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Loss of body mass in winter in three intertidal bivalve species: an experimental and observational study of the interacting effects between water temperature, feeding time and feeding behaviour
Honkoop, P.J.C.; Beukema, J.J. (1998). Loss of body mass in winter in three intertidal bivalve species: an experimental and observational study of the interacting effects between water temperature, feeding time and feeding behaviour, in: Honkoop, P.J.C. Bivalve reproduction in the Wadden Sea: effects of winter conditions on reproductive effort and recruitment. pp. 31-56
In: Honkoop, P.J.C. (1998). Bivalve reproduction in the Wadden Sea: effects of winter conditions on reproductive effort and recruitment. PhD Thesis. Rijksuniversiteit Groningen: Groningen. 135 pp., more

Also published as
  • Honkoop, P.J.C.; Beukema, J.J. (1997). Loss of body mass in winter in three intertidal bivalve species: an experimental and observational study of the interacting effects between water temperature, feeding time and feeding behaviour. J. Exp. Mar. Biol. Ecol. 212(2): 277-297. hdl.handle.net/10.1016/S0022-0981(96)02757-8, more

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Keywords
    Body conditions; Feeding behaviour; Intertidal environment; Temperature effects; Water temperature; Winter; Bivalvia [WoRMS]; Cerastoderma edule (Linnaeus, 1758) [WoRMS]; Macoma balthica (Linnaeus, 1758) [WoRMS]; Mytilus edulis Linnaeus, 1758 [WoRMS]; ANE, Wadden Sea [Marine Regions]; Marine
Author keywords
    Bivalves; Cerastoderma edule; Macoma balthica; Mass loss; Mytilus edulis; Wadden Sea; Winter temperature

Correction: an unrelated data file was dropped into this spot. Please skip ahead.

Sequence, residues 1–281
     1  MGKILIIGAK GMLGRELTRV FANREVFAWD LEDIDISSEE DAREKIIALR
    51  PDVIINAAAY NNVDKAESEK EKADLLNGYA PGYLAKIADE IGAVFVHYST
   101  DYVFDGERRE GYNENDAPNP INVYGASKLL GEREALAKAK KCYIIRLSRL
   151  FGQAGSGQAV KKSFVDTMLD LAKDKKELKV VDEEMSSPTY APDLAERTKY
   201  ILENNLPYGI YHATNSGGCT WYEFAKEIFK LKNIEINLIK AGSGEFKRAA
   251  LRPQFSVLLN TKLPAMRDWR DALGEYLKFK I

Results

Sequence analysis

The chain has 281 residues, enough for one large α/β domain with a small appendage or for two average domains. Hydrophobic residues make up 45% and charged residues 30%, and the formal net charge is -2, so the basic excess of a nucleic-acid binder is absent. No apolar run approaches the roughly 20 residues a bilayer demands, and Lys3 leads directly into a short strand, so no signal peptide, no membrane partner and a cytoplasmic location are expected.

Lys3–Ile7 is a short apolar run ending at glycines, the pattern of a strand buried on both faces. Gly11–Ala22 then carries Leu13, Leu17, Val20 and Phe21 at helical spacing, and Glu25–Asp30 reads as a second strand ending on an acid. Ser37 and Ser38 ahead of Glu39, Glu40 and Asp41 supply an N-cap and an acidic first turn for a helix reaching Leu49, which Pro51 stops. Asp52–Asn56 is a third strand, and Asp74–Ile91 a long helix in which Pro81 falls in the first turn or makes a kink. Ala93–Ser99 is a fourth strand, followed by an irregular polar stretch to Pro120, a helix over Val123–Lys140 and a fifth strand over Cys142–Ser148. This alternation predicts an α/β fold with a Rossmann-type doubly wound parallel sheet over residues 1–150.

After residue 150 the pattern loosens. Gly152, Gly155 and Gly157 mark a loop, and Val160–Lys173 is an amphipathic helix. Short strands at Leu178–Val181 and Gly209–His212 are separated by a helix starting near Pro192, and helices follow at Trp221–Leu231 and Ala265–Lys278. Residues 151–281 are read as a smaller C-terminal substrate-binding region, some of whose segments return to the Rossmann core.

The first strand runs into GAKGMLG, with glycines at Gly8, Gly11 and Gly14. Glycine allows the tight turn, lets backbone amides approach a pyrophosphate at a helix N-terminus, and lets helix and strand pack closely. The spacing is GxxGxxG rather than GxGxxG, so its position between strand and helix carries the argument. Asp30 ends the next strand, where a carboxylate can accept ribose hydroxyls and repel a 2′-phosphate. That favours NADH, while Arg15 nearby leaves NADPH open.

Authors  Top 
  • Honkoop, P.J.C.
  • Beukema, J.J., more

Abstract
    At temperate latitudes, mass of the soft parts of bivalve molluscs generally declines during winter. Long-term field data collected in the western part of the Dutch Wadden Sea indicate that losses are more substantial during mild than during cold winters. Moreover, food supply appears to be involved. We tried to find experimental evidence to prove that the correlative relationships observed in the field are based on cause-effect relationships. To this end, three common intertidal bivalves, the common cockle Cerastoderma edule, the common mussel Mytilus edulis, and the Baltic tellin Macoma balthica were subjected to manipulated water temperatures and immersion (feeding) times during the first half of 2 years (the end of December till spawning). Water temperatures were kept either at outdoor values or were lowered by a few degrees. In all three species, higher water temperatures and shorter daily feeding periods resulted in faster body-mass declines in winter and slower subsequent growth in spring than lower temperatures and unrestricted feeding times.

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